This report examines the growing wealth of billionaires and other ultra-high net worth individuals in Massachusetts — where voters will have the chance to levy a 4 percent surtax on those making more than $1 million a year this November.
If you find yourself traveling this summer, take a closer look at America’s deteriorating infrastructure — our crumbling roads, sidewalks, public parks, and train and bus stations.
Government officials will tell us “there’s no money” to repair or properly maintain our tired infrastructure. Nor do we want to raise taxes, they say.
But what if billions of dollars in tax revenue have gone missing?
New research suggests that the super-rich are hiding their money at alarming rates. A study by economists Annette Alstadsaeter, Niels Johannesen, and Gabriel Zucman reports that households with wealth over $40 million evade 25 to 30 percent of personal income and wealth taxes.
These stunning numbers have two troubling implications.
First, we’re missing billions in taxes each year. That’s partly why our roads and transit systems are falling apart.
Second, wealth inequality may be even worse than we thought. Economic surveys estimate that roughly 85 percent of income and wealth gains in the last decade have gone to the wealthiest one-tenth of the top 1 percent.
That’s bad enough. But what if the concentration is even greater?
Visualize the nation’s wealth as an expansive and deep reservoir of fresh water. A small portion of this water provides sustenance to fields and villages downstream, in the form of tax dollars for public services.
In recent years, the water level has declined to a trickle, and the villages below are suffering from water shortages. Everyone is told to tighten their belts and make sacrifices.
Deep below the water surface, however, is a hidden pipe, siphoning vast amounts of water — as much as a third of the whole reservoir — off to a secret pool in the forest.
The rich are swimming while the villagers go thirsty and the fields dry up.
Yes, there are vast pools of privately owned wealth, mostly held by a small segment of super-rich Americans. The wealthiest 400 billionaires have at least as much wealth as 62 percent of the U.S. population — that’s nearly 200 million of us.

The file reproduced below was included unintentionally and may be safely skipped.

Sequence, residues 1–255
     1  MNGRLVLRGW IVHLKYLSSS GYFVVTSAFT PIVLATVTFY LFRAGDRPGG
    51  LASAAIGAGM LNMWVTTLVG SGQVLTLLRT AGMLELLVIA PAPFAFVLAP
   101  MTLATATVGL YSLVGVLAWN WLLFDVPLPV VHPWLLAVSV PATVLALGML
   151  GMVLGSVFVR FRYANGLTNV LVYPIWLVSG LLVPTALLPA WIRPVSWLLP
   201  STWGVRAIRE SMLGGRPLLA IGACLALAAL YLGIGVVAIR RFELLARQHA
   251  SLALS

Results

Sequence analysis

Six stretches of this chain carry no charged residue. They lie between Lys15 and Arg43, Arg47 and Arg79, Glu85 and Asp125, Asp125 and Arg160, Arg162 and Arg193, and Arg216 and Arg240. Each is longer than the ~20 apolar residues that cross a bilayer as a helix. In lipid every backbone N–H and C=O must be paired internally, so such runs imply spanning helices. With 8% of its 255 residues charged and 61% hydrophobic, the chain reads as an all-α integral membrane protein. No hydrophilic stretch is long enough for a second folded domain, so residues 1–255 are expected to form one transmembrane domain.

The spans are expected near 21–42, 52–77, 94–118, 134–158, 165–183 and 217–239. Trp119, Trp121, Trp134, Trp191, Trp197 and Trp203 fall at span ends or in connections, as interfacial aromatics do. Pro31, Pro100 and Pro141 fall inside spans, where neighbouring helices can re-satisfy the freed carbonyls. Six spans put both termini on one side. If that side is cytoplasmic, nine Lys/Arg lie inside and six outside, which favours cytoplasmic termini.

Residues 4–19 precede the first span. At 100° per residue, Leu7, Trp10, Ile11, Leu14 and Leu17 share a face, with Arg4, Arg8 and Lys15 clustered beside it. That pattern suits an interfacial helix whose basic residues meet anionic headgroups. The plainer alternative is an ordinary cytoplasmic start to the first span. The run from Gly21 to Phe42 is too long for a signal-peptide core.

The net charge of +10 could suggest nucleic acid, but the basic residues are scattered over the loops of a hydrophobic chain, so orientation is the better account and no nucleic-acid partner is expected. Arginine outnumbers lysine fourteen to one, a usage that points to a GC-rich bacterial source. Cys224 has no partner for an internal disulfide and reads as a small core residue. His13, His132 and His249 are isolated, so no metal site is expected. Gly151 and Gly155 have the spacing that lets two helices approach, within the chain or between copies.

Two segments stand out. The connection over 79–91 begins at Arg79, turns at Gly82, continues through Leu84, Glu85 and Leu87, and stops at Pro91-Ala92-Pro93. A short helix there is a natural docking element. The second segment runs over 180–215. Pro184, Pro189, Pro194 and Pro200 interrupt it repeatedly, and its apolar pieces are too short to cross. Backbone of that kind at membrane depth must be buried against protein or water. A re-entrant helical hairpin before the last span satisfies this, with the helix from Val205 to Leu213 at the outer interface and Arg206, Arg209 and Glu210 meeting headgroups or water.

Don’t taxpayers of all incomes under-report their incomes? Maybe here and there.
But these aren’t folks making a few dollars “under the table.” These are billionaires stashing away trillions of the world’s wealth. The latest study underscores that tax evasion by the super-rich is at least 10 times greater — and in some nations 250 times more likely — than by everyone else.
How is that possible? After all, most of us have our taxes taken out of our paychecks and pay sales taxes at the register. Homeowners get their house assessed and pay a property tax.
But the wealthy have the resources to hire the services of what’s called the “wealth defense industry.” These aren’t your “mom and pop” financial advisers that sell life insurance or help folks plan for retirement.
The wealth defenders of the super-rich — including tax lawyers, estate planners, accountants, and other financial professionals — are accomplices in the heist. They drive the getaway cars, by designing complex trusts, shell companies, and offshore accounts to hide money.
These managers help the private jet set avoid paying their fair share of taxes, even as they disproportionately benefit from living in a country with the rule of law, property rights protections, and public infrastructure the rest of us pay for.
Not all wealthy are tax dodgers. A group called the Patriotic Millionaires advocates for eliminating loopholes and building a fair and transparent tax system. They’re pressing Congress to crack down on tax evasion by the superrich.
Their message: Bring the wealth home! Stop hiding the wealth in offshore accounts and complicated trusts. Pay your fair share to the support the public services and protections that we all enjoy.
*This peace was originally published in OtherWords.
Chuck Collins is the coordinator of the Hidden Wealth Project at the Institute for Policy Studies. He is co-editor of Inequality.org and the author of Born on Third Base: A One Percenter Makes the Case for Tackling Inequality, Bringing Wealth Home, and Committing to the Common Good.